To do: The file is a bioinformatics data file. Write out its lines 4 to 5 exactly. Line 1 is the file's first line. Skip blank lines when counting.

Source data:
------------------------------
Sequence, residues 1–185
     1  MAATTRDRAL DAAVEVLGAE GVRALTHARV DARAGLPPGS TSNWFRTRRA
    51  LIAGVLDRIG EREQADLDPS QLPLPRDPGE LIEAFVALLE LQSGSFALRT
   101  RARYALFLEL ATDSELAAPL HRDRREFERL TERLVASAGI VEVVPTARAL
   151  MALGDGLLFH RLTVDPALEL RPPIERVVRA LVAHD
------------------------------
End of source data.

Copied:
   101  RARYALFLEL ATDSELAAPL HRDRREFERL TERLVASAGI VEVVPTARAL
   151  MALGDGLLFH RLTVDPALEL RPPIERVVRA LVAHD